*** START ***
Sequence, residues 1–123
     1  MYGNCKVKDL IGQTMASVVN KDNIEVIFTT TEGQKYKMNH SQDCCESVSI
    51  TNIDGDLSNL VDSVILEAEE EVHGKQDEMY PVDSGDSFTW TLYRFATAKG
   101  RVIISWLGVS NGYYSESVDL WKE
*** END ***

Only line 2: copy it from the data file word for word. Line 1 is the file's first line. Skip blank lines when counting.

     1  MYGNCKVKDL IGQTMASVVN KDNIEVIFTT TEGQKYKMNH SQDCCESVSI